A Brief History
On August 10, 1961, the US began Operation Ranch Hand, a ten year program of using chemical herbicides against the flora of Vietnam and surrounding countries to both deprive the Viet Cong of food crops and of foliage for cover.
Chemical weapons are banned by international treaty, including the 1925 Geneva Protocol and The Chemical Weapons Convention of 1993. Not only are deadly chemicals prohibited, but irritants such as “tear gas” are also banned for use in war.
Herbicides escaped mention in previous prohibitions against deadly chemicals used in war, but in 1978 the Environmental Modification Convention closed that loophole and banned any attempt to change “the composition or structure of the Earth’s biota.”
Over the decade of Operation Ranch Hand, C-123 aircraft sprayed about 19 million gallons of herbicides over 5 million acres of forest and jungle, as well as 500,000 acres of crops. How much damage to people and the environment is unknown.
Question for students (and subscribers): Do you know anyone that suffered from exposure to “Agent Orange’ or other herbicides in Vietnam? Please let us know in the comments section below this article.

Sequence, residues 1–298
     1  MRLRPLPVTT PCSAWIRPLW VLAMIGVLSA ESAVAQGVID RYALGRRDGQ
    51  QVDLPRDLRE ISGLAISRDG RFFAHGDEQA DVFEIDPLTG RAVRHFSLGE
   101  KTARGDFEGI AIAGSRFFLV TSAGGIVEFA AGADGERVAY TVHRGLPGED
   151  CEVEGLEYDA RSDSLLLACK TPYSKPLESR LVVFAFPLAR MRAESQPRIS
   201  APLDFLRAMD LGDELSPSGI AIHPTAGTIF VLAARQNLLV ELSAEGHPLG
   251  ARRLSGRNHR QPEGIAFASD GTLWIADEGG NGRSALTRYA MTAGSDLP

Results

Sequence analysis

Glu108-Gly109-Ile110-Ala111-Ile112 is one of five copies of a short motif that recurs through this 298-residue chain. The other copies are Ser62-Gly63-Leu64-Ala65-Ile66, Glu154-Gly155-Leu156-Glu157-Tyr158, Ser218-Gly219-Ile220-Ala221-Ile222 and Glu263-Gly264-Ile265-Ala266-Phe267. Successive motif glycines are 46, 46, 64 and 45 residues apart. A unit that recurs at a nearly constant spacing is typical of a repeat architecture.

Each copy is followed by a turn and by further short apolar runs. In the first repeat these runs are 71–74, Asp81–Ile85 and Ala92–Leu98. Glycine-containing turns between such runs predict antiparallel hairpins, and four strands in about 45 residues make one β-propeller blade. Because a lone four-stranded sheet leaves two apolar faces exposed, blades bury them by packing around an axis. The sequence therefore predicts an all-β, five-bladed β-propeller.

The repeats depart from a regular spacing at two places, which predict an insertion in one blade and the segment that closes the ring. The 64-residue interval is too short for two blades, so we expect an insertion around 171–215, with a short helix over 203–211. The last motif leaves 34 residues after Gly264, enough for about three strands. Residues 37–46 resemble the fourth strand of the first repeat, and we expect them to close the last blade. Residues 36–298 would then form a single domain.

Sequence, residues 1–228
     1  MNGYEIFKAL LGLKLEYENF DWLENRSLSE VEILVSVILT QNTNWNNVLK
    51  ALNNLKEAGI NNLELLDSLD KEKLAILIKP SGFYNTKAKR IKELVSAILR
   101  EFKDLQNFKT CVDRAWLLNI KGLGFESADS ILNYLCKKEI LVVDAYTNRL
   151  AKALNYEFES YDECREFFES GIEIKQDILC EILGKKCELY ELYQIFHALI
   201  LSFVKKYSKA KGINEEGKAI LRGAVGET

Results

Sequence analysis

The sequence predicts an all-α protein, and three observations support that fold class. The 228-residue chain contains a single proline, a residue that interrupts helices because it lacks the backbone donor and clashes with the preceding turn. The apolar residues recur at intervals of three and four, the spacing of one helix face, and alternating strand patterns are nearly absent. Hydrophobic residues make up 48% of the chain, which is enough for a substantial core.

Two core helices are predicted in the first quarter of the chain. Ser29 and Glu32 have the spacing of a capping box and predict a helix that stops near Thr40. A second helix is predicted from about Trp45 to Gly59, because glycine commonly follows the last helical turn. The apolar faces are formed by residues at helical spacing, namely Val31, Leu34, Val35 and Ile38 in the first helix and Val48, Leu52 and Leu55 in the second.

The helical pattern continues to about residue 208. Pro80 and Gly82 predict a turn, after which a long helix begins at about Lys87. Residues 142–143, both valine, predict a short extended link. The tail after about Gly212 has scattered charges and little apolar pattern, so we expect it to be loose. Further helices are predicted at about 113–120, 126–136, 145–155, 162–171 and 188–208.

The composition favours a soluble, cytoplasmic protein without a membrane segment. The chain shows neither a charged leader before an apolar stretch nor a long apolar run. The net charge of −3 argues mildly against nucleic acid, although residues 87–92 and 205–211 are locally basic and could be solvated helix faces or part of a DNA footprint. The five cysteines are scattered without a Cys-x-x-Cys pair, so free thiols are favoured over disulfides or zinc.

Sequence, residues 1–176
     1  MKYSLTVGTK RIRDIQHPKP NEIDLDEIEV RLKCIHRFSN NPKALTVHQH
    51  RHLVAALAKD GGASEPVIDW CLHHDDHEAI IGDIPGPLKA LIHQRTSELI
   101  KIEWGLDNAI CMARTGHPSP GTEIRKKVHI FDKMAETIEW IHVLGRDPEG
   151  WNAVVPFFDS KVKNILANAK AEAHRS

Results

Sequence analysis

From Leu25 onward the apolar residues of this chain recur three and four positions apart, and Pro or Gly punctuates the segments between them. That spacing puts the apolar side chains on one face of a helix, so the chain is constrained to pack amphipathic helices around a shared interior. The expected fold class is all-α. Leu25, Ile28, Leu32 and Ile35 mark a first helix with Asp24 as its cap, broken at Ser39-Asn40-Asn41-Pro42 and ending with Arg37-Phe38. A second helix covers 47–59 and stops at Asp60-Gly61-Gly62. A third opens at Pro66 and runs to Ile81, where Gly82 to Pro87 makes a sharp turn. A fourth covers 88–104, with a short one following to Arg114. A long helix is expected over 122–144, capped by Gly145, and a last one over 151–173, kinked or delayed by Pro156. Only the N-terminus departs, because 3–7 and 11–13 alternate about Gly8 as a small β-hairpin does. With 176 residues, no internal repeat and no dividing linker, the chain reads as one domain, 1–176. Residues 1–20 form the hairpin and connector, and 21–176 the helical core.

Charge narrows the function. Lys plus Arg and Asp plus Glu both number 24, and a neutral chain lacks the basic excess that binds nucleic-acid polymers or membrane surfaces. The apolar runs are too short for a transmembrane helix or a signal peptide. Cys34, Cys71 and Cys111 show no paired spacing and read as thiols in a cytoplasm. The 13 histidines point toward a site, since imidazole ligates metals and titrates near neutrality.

Your readership is much appreciated!
For more information, please see…
Cecil, Paul. Herbicidal Warfare: The RANCH HAND Project in Vietnam. Praeger, 1986.
US Air force. Operation Ranch Hand: The Air Force and Herbicides in Southeast Asia, 1961-1971. CreateSpace Independent Publishing Platform, 2015.
The featured image in this article, a photograph of the “Ranch Hand” sign at Nha Trang Air Base, Vietnam, with a Fairchild C-123B Provider in the background, is a work of a U.S. Air Force Airman or employee, taken or made as part of that person’s official duties. As a work of the U.S. federal government, the image or file is in the public domain in the United States.
You can also watch video versions of this article on YouTube.